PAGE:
The flaw, which Motherboard said was discovered by security researcher Karan Saini, could have allowed hackers who knew -- or guessed -- a customer's phone number to obtain data valuable in social engineering attacks, or perhaps even hijacking victim's numbers. The bug was repaired Friday after Motherboard asked the wireless carrier about the issue.
Saini told Motherboard that an attacker could leverage the vulnerability by writing a script to siphon data from T-Mobile's 76 million customer accounts to create a searchable database of up-to-date information on its users. He classified it as "a very critical data breach."
T-Mobile disputed those findings in a statement late Tuesday.
"We resolved the vulnerability that was reported to us by the researcher in less than 24 hours, and we have confirmed that we have shut down all known ways to exploit it," the company said in a statement. "As of this time we've found no evidence of customer accounts affected as a result of this vulnerability."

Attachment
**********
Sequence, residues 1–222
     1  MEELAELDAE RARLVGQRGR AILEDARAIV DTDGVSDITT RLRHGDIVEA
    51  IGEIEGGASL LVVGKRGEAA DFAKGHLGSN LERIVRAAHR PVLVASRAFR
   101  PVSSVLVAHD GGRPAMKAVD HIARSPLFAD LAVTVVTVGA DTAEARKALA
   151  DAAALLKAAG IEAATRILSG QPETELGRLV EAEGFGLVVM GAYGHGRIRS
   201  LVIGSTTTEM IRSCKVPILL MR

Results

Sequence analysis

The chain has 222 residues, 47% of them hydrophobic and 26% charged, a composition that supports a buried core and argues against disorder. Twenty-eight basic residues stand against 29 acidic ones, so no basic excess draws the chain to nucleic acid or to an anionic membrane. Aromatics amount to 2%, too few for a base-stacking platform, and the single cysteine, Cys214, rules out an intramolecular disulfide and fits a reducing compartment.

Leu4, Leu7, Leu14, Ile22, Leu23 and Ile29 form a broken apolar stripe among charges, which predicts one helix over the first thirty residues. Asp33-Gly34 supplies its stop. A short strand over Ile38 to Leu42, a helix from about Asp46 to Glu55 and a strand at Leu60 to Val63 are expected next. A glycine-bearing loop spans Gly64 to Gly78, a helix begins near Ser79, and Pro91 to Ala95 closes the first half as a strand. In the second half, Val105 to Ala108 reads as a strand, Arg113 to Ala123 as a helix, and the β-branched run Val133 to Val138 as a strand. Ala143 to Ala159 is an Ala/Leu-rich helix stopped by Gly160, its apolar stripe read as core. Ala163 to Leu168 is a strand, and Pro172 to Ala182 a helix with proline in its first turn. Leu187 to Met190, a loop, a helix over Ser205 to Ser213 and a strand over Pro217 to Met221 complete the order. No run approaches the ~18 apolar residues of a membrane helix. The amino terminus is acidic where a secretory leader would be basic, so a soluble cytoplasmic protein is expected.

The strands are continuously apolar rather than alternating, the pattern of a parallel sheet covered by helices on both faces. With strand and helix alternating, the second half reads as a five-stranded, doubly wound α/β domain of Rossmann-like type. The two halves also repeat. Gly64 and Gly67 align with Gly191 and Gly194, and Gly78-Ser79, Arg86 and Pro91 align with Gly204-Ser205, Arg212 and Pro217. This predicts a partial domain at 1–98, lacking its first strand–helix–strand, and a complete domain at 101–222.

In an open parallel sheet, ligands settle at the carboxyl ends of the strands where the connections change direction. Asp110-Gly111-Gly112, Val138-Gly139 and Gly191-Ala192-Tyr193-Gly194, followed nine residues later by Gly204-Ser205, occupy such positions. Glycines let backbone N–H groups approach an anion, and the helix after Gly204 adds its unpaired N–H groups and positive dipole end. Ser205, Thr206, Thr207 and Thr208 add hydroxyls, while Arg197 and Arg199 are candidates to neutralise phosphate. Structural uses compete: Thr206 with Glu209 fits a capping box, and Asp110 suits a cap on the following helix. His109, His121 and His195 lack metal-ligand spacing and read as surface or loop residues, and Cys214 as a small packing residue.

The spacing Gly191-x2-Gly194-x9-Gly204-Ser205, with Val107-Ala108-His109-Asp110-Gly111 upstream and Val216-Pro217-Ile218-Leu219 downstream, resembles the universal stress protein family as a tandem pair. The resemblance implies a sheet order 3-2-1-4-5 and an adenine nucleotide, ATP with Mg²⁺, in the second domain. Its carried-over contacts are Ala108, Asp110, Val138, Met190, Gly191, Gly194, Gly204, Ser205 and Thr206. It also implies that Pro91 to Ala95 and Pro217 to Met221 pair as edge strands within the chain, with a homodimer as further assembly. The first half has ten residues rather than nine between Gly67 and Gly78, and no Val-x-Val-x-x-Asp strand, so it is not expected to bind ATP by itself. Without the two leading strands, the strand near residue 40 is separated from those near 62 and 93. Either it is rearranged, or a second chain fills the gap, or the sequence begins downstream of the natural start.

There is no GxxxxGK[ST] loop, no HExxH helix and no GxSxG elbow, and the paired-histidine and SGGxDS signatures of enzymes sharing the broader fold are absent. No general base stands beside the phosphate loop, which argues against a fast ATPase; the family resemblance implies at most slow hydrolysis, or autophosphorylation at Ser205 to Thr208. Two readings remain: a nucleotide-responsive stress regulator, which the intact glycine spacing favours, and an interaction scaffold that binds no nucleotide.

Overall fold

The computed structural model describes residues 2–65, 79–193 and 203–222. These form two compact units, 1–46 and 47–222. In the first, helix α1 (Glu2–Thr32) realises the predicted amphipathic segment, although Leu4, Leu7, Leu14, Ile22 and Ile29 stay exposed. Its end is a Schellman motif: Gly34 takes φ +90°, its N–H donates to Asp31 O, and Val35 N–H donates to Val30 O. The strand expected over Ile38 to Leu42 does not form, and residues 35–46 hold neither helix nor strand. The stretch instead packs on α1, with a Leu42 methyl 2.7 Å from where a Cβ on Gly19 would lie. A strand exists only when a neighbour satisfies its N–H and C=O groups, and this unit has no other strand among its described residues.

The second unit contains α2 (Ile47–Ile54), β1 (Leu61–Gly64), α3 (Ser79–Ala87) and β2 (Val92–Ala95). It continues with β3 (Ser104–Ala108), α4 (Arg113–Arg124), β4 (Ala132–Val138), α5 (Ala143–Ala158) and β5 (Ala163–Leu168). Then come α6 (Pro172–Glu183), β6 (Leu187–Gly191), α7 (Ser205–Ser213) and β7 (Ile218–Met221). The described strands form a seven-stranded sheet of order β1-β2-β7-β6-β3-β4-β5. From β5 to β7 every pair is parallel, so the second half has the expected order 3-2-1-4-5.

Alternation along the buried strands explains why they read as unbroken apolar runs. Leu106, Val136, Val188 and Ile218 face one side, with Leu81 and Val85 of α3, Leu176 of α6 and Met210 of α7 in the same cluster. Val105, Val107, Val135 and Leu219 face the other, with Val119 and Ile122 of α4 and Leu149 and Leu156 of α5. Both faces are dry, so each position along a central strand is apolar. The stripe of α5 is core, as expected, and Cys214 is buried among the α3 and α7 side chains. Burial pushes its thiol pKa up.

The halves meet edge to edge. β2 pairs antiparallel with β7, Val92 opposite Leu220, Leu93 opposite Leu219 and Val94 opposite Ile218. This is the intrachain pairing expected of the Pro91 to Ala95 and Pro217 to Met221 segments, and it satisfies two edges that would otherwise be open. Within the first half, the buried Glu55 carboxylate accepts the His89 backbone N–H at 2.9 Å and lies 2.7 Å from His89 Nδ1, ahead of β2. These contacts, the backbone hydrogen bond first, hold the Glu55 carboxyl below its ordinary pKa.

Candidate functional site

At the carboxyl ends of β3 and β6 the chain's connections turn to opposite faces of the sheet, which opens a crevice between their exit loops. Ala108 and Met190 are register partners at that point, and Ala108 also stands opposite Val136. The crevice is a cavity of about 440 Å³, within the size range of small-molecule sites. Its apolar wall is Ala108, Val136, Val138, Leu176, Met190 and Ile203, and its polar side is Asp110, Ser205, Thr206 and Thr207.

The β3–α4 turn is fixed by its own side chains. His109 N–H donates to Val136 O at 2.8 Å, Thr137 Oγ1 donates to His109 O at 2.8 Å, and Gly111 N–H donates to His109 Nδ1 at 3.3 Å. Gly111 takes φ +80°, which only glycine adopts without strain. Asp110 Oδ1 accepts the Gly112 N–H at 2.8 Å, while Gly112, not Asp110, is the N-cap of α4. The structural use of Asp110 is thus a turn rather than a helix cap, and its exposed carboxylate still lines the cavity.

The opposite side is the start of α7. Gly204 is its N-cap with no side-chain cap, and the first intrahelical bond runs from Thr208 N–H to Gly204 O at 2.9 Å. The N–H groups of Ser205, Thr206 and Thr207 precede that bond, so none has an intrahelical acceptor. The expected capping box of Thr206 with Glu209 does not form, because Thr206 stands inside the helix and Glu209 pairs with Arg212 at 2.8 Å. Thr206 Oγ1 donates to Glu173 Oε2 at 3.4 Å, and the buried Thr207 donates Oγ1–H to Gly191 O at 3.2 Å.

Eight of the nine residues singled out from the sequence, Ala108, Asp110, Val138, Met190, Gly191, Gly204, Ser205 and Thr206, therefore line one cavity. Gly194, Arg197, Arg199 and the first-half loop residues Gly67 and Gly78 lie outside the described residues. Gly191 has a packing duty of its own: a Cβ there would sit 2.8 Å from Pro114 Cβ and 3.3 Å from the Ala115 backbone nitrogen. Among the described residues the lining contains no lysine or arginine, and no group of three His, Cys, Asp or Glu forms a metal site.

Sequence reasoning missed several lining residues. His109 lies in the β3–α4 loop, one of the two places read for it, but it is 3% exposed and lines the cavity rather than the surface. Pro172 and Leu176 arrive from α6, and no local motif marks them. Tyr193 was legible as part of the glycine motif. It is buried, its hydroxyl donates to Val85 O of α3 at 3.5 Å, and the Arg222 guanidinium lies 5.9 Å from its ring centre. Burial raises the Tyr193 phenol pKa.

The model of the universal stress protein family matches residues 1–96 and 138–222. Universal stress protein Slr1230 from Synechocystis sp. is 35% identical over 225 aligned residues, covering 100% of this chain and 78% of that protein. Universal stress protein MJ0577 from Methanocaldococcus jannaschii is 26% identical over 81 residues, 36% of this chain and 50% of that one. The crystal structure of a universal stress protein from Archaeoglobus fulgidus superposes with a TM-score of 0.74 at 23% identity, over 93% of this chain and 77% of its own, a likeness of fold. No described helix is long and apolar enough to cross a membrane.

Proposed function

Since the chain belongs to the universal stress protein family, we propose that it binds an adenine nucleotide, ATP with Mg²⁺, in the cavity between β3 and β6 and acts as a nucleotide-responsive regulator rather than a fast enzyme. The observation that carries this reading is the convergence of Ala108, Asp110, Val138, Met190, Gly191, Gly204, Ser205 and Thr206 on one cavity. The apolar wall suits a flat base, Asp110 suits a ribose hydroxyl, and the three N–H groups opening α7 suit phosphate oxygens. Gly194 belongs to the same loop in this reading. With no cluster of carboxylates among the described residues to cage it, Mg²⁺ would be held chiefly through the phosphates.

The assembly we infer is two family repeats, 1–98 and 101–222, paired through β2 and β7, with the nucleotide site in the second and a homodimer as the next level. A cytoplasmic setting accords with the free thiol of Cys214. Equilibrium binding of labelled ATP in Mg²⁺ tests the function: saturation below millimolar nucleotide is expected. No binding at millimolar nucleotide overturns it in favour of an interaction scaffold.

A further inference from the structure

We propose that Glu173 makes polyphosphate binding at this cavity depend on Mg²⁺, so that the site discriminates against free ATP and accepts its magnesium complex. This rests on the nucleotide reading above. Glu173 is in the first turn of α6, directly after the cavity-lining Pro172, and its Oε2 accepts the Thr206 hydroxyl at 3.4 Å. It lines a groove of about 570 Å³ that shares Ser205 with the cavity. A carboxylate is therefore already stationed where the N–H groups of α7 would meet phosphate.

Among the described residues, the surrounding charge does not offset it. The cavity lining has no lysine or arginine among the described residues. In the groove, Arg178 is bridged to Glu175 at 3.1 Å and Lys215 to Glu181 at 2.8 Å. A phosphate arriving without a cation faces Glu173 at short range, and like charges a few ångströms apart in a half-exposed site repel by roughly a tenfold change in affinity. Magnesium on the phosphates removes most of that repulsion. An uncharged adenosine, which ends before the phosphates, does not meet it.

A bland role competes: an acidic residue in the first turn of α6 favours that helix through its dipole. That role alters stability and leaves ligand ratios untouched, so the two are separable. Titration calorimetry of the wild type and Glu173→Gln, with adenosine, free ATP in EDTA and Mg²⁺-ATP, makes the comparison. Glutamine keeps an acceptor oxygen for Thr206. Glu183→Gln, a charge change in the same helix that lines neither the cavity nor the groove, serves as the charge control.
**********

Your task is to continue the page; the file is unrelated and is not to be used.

This isn't the first time T-Mobile customers' personal data has been exposed. Hackersby going after Experian, the company that processes the wireless carrier's credit checks. The credit-reporting bureau said in 2015, over a two-year period, hackers made off with data that included customers' names, birth dates, addresses and Social Security and drivers' license numbers.
Updated at 11 p.m. PT with T-Mobile statement.
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